The second is that delivery providers do not always make it possible for customers to order from several stalls within the same hawker centre in one order. It would make more sense for this to be a norm because families often order from different stores when dining out together, Mr Tan said.

“We have char kway teow from one store, curry puff from another store, sugar cane drink from another store... so (the question is) how we can bundle the food together in a way that helps the different stores,” he added.

The third difficulty was that of the costs and commission charges that merchants have to pay delivery platforms when they sign on to be partners. One concern that was raised, Mr Tan said, was whether hawkers could mark up the prices of the dishes they sell on the delivery platforms while still keeping hawker food affordable for Singaporeans. 

The final challenge was “activating demand” — that is, ensuring that there is enough demand for hawker food among users of delivery apps.

“Ultimately, if more people are ordering on online platforms, it helps to lower costs for everyone,” Mr Tan said. 

He added that people have to recognise that the costs have to be shared across different players — consumers, delivery riders, platform providers and the hawkers themselves.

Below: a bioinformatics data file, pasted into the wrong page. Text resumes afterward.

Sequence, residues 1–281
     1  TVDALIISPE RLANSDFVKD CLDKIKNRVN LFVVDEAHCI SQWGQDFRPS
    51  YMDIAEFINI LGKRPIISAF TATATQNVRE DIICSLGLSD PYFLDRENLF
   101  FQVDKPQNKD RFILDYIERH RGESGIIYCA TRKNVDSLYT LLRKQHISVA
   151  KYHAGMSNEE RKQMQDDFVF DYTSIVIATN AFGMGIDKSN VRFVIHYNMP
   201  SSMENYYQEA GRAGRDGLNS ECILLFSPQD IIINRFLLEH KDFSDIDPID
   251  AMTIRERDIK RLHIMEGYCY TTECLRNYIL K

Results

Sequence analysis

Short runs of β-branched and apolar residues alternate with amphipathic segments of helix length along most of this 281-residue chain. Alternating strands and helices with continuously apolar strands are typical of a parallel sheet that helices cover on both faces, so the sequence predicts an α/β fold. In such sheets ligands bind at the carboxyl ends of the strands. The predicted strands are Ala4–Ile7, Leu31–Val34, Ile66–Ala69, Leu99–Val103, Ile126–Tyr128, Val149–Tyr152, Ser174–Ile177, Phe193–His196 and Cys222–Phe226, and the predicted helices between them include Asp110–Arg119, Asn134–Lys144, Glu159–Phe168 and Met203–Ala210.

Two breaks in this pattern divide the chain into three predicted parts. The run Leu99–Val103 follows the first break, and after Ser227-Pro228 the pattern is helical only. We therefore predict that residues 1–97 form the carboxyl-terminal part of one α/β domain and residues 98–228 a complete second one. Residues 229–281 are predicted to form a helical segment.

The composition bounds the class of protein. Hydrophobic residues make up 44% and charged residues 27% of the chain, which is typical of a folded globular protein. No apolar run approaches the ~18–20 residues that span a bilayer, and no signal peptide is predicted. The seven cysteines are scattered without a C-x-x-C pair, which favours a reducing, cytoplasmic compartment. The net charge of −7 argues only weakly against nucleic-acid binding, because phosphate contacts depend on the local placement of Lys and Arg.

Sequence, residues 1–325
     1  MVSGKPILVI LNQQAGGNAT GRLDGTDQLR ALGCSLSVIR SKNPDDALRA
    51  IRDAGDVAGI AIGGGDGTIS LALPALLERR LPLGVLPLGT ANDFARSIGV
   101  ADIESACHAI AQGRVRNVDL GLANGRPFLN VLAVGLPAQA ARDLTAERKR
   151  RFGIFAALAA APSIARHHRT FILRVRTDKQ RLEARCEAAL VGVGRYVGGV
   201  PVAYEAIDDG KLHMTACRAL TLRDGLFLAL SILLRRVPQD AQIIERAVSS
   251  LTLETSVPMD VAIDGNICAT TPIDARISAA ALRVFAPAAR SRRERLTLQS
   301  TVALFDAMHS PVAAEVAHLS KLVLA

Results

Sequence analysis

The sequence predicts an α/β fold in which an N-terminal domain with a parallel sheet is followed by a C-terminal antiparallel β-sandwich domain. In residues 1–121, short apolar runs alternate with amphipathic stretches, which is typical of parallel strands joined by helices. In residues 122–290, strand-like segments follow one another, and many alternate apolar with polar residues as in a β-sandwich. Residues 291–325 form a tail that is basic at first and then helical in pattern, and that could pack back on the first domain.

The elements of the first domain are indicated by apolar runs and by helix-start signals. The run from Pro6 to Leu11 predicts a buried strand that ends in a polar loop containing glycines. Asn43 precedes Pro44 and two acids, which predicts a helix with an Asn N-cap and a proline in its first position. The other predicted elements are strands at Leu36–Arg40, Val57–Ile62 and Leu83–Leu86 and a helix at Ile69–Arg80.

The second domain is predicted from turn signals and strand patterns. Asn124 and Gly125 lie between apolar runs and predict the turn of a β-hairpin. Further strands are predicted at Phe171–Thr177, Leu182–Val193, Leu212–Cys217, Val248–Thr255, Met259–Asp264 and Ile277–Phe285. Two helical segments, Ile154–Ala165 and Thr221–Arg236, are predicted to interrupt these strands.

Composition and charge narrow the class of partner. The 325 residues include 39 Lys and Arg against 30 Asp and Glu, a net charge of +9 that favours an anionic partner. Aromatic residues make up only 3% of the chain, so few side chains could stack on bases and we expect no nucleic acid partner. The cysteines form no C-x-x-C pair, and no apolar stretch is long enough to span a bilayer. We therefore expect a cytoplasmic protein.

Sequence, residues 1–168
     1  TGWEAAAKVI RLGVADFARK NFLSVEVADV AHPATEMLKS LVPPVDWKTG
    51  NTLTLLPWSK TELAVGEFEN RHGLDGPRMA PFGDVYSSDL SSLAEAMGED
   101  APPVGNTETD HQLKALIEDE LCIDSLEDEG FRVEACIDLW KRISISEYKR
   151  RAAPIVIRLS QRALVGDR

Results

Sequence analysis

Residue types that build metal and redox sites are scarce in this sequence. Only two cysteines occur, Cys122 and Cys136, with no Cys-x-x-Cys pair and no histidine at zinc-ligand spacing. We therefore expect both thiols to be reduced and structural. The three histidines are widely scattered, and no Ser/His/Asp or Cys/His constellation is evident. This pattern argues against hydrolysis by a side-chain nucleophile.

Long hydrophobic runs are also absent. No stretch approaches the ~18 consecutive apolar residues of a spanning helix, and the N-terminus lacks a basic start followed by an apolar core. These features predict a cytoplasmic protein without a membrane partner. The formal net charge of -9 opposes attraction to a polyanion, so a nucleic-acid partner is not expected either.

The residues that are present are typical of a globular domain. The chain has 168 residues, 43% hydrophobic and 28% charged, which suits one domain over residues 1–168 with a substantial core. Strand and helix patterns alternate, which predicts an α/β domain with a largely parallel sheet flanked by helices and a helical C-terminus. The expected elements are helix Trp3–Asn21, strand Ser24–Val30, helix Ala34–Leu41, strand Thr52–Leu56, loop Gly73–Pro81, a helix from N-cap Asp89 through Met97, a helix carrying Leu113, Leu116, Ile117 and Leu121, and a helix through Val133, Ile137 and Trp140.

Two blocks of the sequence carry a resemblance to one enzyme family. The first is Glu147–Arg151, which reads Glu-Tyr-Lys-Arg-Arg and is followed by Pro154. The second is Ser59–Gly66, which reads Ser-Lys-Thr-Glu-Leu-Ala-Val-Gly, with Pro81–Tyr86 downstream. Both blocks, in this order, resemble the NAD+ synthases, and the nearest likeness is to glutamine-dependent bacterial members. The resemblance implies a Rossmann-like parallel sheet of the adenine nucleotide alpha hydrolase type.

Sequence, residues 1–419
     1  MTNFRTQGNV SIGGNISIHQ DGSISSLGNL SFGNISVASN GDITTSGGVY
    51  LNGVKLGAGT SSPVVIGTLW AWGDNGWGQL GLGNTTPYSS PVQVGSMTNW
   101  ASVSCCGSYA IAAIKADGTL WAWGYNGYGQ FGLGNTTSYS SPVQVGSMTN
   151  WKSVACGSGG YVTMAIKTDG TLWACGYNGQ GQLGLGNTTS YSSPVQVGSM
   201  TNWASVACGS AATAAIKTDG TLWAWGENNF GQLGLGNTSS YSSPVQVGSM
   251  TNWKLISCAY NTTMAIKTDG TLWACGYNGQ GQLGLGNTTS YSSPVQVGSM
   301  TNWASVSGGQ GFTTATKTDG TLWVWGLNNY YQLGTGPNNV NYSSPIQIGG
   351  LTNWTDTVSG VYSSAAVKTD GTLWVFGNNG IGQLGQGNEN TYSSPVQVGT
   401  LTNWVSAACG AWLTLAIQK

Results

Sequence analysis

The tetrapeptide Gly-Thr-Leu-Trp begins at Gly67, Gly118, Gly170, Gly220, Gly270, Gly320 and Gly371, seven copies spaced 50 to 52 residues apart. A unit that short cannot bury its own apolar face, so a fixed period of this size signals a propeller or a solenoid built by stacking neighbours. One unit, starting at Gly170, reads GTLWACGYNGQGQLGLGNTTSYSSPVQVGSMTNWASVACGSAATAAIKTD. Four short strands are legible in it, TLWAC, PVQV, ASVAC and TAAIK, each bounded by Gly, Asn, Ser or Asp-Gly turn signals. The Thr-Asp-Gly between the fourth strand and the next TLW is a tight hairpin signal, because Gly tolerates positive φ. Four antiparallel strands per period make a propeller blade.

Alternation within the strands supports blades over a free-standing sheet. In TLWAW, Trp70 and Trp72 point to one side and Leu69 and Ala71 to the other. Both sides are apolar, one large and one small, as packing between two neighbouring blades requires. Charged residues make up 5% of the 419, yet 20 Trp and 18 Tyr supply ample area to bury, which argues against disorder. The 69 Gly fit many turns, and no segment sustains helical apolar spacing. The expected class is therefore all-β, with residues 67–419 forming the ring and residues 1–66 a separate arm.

THE STEPS AHEAD

After this discussion, Mr Tan said that the workgroup will now focus on three tasks.

First, it will look at how to better support hawkers in learning how to use new technology.

Second, the workgroup will study how best to price hawker food on delivery platforms and ensure that the sale proceeds from orders reaches hawkers quickly.

Finally, it will look at how to “supercharge” demand for hawker food and tailor unique solutions for individual hawker centres, as each hawker centre is unique.

“We can help them (with) marketing, branding and reaching out to the precincts around the hawker centre,” he said.

One way would be to work with committee volunteers, Mr Tan added, noting that ground-up initiatives such as Hawkers United — a public Facebook group where hawkers can promote their food — could be tapped.

Mr Anthony Low, the chairman of the hawkers division from the Federation of Merchants’ Associations Singapore (FMAS), said that he found the discussion fruitful. He added that several hawkers have told him that they have hesitated partnering with delivery platforms because they are worried that they would not be able to cope with the technology.

They are also concerned about having to cope with offline and online orders simultaneously, and about the high commission charges they would have to pay delivery platforms.

Mr Low, however, said that he has been trying to encourage these hawkers to step out of their comfort zone, adding that the FMAS’ hawkers division is looking to conduct courses to help hawkers learn the ropes of using social media and digital platforms.

“Using online delivery platforms is the trend now. The hawkers have to learn, because if they don’t learn now, they may lose out in the end.”

Related topics

hawker hawker centre food delivery Tan Kiat How Amy Khor F&B